Researchers at Cedars-Sinai Medical Center (Los Angeles, CA, USA) and the Maxine Dunitz Neurosurgical Institute are investigating whether an ultraviolet camera on loan from NASA's Jet Propulsion Laboratory could help surgeons perform brain surgery more effectively.
If the system works, it could provide the visual details needed to help them distinguish areas of healthy brain from deadly tumors called gliomas, which have irregular borders as they spread into normal tissue.
The tumors' far-reaching tentacles pose big challenges for neurosurgeons: Taking out too much normal brain tissue can have catastrophic consequences, but stopping short of total removal gives remaining cancer cells a head start on growing back.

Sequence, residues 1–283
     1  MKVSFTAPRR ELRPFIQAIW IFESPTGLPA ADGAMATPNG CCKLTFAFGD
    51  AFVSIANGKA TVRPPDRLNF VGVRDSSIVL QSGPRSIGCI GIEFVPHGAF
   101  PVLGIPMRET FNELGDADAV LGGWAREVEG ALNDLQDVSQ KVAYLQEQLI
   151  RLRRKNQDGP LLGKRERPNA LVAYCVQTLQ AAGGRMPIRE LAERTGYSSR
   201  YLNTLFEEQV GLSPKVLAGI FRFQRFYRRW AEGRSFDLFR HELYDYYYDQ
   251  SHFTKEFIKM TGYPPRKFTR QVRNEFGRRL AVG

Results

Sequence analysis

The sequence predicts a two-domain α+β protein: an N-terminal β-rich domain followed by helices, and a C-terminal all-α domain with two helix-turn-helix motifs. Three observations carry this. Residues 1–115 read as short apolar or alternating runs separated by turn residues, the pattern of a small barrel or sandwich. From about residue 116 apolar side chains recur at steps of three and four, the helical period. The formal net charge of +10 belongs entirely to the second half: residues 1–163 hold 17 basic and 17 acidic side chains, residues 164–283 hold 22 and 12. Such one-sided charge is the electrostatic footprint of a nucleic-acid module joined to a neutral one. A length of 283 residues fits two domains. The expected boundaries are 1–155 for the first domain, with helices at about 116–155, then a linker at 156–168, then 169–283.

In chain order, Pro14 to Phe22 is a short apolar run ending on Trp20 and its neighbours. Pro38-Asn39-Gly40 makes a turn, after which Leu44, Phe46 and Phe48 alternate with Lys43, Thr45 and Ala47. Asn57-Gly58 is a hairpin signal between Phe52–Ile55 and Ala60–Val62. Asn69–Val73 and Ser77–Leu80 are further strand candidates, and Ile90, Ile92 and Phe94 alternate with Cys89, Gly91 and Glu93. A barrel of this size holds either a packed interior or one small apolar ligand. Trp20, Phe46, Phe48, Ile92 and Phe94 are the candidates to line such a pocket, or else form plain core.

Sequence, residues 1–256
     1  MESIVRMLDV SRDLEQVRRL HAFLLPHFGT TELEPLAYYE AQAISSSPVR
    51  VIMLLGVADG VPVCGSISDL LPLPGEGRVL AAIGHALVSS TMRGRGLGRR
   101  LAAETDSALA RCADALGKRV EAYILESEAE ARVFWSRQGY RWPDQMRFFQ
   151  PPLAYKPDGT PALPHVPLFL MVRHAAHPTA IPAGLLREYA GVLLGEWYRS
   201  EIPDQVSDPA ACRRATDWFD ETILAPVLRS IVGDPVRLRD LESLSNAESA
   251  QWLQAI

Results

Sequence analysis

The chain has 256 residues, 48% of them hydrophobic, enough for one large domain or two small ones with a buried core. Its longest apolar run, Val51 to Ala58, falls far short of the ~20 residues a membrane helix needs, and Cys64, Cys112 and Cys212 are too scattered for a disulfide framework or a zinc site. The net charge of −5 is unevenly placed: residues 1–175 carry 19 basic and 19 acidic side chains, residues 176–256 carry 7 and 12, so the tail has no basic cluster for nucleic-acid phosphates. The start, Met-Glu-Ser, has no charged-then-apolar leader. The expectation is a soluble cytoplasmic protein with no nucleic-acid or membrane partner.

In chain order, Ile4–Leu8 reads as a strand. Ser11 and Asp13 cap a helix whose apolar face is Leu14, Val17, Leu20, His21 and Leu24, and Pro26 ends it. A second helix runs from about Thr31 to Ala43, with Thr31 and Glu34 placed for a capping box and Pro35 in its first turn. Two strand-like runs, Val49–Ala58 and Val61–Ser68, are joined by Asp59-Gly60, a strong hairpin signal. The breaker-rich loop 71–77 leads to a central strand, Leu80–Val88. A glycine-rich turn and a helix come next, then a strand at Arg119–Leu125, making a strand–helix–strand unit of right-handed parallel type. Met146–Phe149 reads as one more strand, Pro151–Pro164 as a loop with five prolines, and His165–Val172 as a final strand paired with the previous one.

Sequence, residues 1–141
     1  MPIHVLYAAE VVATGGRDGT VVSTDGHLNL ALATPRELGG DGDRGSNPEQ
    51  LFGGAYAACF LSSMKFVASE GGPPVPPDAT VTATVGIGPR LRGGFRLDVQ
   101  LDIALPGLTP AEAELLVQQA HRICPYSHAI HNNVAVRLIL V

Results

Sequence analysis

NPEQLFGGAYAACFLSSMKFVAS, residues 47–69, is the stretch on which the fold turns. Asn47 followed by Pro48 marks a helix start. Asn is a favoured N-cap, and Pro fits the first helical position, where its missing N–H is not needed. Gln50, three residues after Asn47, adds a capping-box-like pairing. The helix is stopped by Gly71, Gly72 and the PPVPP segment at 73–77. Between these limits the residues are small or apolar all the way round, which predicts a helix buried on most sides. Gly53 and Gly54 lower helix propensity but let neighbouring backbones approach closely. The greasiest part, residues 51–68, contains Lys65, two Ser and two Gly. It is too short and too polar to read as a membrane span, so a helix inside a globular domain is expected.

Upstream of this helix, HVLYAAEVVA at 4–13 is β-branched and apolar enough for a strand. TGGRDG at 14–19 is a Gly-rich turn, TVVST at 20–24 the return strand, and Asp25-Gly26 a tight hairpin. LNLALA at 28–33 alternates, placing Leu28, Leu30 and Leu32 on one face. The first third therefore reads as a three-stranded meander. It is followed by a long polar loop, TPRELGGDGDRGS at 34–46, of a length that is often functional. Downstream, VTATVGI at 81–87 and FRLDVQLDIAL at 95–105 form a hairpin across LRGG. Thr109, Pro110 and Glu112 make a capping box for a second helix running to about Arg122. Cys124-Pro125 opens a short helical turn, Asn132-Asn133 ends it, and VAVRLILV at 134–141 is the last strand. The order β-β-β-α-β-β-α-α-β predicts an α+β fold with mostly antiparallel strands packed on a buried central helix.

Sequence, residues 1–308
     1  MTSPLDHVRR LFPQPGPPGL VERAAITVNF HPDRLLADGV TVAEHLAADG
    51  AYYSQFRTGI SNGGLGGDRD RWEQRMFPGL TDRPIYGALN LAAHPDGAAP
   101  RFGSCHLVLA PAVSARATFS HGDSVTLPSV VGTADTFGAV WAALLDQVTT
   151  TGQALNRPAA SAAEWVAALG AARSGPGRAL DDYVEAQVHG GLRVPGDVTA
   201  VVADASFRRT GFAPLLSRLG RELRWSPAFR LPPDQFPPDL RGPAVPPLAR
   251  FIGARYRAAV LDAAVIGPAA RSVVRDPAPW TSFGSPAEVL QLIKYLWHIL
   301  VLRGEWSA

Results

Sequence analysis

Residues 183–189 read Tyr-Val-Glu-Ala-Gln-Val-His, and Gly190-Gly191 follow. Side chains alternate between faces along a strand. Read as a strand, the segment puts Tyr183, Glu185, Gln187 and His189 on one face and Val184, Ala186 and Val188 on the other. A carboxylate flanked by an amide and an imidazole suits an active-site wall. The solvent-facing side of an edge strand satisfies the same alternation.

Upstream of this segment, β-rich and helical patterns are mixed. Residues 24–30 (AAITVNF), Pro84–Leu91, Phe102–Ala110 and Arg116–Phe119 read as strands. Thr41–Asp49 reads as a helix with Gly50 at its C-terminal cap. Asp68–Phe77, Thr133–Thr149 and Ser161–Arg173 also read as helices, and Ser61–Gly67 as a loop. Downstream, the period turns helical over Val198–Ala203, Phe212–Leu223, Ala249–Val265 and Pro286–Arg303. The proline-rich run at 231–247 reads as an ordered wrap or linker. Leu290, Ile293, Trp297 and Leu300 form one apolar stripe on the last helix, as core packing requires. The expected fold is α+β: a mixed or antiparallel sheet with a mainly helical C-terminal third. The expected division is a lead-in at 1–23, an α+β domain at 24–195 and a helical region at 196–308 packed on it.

According to Dr. Keith Black, chair of the Department of Neurosurgery at Cedars-Sinai, delineating the margin where brain tumor cells end and healthy cells begin never has been easy, even with recent advances in medical imaging systems.
But because tumor cells are more active and require more energy than normal cells, a specific chemical (nicotinamide adenine dinucleotide hydrogenase or NADH) accumulates in them. The NADH strongly absorbs ultraviolet light that can then be imaged by the camera and displayed.
"The ultraviolet imaging technique may provide a 'metabolic map' of tumors that could help us differentiate them from normal surrounding brain tissue," says Dr. Ray Chu, a neurosurgeon leading the study.
-- Dave Wilson, Senior Editor, Vision Systems Design